Arts & Culture

Lies My Waiter Told Me

Foodie culture has invaded my vodka soda. It’s time to fight back

BY

Illustration by Mügluck


Illustration by Mügluck

My favourite drink? Vodka soda on the rocks, no lemon. Unpretentious, dependable, easy to slap together, gets the job done. It’s basically the Ford F-150 of cocktails. And clear as rain, so it won’t stain my wife’s dress if some good-time Charlie slaps me on the back at a party. For years, it has been my odourless, tasteless, ten-ounce refuge of gastro-utilitarian sanity in a world full of foodies gone mad.

But those days are over: the vodka soda has gone the way of wine, Scotch, and gourmet hot sauce. Order one at any velvet-rope bar or restaurant, and the waiter follows up by asking your preferred brand of hooch—under the demonstrably false conceit that the human tongue can distinguish between what are effectively different varieties of windshield-wiper fluid.

Last month, when a waiter launched into an especially long list of unpronounceable Russian and Scandinavian words apparently corresponding to fashionable vodka brands, I felt as if I were in a scene from “The Emperor’s New Clothes.” I really can’t tell the difference. Just give me the cheapest one on the list were the words on my lips.

Of course, I said nothing of the sort, because I didn’t want to come off as a rube. So instead, I declared emphatically, “Oh, Grey Goose, please”—recalling at random the last brand I’d seen advertised in an upscale travel magazine.

Moments later, the waiter returned with my drink, and it tasted fine. Which is to say, it tasted exactly like every other vodka soda I had ever tasted—or, indeed, that had ever been tasted by any other human in the history of fermented spud juice.

This, more than anything else, is what I have come to resent about foodie culture: Not just that it is pretentious and expensive. Not just that it makes me feel guilty about the Cheez Whiz sandwiches I put in my kids’ lunch boxes. But that it turns us all into liars. Is there anyone out there whose palate is so refined that she can taste the difference between $7.99 organic grapes and their $2.99 Walmart cousins? Or who can distinguish Greenlandic honey from the stuff squirted from a Billy Bee squeezy bottle? Perhaps. Most of us, however, are playing pretend. Truth has long been the first casualty of war. Now it’s the first casualty of dinner.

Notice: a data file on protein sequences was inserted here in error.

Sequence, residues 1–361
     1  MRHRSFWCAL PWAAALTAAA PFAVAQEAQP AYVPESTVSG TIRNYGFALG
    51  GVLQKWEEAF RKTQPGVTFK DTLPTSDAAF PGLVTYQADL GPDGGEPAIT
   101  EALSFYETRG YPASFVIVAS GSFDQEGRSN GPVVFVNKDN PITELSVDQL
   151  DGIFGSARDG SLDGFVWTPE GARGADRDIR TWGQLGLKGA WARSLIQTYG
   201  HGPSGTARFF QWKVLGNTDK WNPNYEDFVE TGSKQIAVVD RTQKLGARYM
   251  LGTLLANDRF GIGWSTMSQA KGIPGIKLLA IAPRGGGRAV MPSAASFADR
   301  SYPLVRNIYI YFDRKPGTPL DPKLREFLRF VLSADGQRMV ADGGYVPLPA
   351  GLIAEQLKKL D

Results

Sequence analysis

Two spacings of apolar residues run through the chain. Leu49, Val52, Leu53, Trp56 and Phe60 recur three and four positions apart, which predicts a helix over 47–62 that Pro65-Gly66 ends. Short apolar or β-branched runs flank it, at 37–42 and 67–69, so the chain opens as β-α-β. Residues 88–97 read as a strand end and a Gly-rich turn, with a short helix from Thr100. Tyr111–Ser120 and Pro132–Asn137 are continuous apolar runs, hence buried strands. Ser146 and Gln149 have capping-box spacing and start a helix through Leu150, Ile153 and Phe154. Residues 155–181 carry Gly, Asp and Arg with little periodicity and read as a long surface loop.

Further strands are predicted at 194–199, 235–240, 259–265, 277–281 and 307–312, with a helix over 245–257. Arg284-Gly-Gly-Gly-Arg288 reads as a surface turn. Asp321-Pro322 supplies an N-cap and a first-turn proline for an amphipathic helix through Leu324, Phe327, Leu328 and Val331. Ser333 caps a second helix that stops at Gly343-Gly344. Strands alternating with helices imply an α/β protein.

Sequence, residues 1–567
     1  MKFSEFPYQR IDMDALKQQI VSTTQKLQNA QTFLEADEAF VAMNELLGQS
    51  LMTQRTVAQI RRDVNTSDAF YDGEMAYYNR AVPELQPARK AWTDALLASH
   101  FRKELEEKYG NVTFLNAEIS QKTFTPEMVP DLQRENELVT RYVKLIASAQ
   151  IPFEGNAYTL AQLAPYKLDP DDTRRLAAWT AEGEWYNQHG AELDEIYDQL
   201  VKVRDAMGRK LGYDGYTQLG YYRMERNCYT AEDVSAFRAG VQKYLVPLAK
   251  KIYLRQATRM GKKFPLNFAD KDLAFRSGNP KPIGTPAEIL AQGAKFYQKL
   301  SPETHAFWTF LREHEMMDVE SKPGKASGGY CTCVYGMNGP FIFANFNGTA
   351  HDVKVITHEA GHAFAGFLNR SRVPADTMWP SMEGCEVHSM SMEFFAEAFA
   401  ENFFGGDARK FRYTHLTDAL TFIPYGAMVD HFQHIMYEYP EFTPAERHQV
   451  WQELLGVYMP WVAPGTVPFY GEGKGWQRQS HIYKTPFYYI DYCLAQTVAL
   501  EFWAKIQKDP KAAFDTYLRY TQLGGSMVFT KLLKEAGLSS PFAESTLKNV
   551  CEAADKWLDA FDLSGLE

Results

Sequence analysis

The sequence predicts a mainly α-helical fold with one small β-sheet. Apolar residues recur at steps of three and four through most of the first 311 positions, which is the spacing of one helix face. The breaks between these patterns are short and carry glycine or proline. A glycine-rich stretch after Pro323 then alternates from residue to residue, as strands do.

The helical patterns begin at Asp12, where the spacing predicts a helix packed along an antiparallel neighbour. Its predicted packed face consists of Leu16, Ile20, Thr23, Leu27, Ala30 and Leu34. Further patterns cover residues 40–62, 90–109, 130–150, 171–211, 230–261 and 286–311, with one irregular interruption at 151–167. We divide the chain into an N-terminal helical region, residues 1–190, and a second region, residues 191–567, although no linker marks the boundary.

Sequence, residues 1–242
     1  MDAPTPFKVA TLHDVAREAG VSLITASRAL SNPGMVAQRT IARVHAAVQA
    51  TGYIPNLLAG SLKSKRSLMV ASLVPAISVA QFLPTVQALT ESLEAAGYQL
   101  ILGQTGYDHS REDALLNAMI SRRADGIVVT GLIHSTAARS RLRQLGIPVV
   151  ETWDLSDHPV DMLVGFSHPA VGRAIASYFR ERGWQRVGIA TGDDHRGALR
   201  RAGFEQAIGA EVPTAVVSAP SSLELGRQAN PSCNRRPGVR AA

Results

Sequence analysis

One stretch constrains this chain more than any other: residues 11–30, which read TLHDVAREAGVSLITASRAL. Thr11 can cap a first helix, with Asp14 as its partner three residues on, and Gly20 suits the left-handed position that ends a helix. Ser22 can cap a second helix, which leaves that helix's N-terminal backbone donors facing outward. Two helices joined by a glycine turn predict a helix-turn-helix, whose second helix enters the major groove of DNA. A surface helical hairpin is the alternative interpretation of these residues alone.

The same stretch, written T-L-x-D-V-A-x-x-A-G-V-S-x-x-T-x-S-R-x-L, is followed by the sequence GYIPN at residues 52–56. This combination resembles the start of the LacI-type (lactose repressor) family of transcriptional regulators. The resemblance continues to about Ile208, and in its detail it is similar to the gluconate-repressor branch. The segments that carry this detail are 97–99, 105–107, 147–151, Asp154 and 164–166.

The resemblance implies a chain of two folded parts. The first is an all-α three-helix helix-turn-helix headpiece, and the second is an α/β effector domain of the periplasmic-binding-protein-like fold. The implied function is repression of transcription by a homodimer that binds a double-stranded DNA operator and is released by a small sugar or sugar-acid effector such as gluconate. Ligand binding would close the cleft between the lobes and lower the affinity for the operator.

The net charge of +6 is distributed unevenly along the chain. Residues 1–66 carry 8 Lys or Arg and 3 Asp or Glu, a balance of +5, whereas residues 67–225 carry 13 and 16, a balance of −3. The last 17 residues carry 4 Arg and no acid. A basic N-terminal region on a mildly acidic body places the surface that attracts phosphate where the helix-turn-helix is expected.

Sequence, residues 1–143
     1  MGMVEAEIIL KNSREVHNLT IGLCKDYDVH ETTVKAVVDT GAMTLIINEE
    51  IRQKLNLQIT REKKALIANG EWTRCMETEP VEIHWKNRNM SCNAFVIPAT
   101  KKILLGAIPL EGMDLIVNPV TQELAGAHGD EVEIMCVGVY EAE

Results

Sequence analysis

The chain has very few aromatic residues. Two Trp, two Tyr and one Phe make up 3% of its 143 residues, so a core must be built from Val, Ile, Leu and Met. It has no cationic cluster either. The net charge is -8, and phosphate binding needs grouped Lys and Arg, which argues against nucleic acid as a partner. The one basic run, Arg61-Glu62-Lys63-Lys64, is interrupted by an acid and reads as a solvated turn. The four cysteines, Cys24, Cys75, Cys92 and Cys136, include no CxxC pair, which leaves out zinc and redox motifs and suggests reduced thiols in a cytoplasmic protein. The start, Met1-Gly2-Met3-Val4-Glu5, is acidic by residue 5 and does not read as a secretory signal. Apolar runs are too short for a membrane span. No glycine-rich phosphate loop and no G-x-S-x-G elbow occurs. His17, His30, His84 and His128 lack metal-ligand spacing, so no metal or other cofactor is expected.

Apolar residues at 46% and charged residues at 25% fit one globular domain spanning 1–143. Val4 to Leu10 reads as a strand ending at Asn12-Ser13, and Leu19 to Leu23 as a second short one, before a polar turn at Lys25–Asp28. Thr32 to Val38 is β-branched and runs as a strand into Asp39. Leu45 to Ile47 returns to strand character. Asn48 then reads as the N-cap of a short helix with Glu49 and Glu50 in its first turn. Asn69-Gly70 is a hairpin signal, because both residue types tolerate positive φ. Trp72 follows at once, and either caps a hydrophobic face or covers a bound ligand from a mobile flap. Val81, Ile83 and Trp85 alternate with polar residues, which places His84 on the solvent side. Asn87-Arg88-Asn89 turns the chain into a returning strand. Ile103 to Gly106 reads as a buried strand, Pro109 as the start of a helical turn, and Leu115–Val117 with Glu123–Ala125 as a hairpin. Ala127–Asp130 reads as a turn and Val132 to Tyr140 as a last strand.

Sometimes, the foodie lies we tell are of the compassionate variety. That was the case at a certain café near the old Walrus offices in Toronto’s Entertainment District. The owner, a likeable figure, was constantly bringing obscure new blends into his shop. When customers ordered coffee, he’d prepare each cup individually, using the pour-over method, with as much care and precision as if he were Severus Snape concocting a polyjuice potion. While his dedication to the craft was honourable, I always found the ritual mortifying, because I knew that once the cream and sugar were added the final product would be utterly indistinguishable from something that comes out of a hospital vending machine.

On one of my last visits, the fellow greeted me by name and said he had a special treat for me—a newly arrived African varietal with “notes of candy and cinnamon.” He studied me closely as I moved the cup to my lips. Such was the spectacle of the gesture that other customers were watching, too. It goes without saying that, to spare this hard-working man’s feelings, I had little choice but to exclaim, “Delicious!” and then babble appreciatively about all those wonderful “notes.”

Rhapsodic food writers often will describe a great meal as a sort of religious experience. But a seance provides a better metaphor—especially the type I remember from university, when my girlfriend’s roommate would turn out the lights, make everyone hold hands, and summon into the room the departed spirits of our ancestors.

“They’re here!” she’d say. “Can you feel them? Can you? ”

“Oh yes,” I’d say, trying to be agreeable. In point of fact, I felt nothing. And, as with those promised notes of candy, cinnamon, and who knows what else, I never will.

(Adapted from remarks made on June 21 at We Are What We Eat: Oxford Union–style Food Debate, part of the Luminato Festival in Toronto.)

This appeared in the September 2015 issue.

Jonathan Kay (@jonkay) is a journalist, book author and editor, and public speaker.

Mügluck is an award-winning illustrator who lives in Montreal. Her work has appeared in the New York Times and Air France Magazine.




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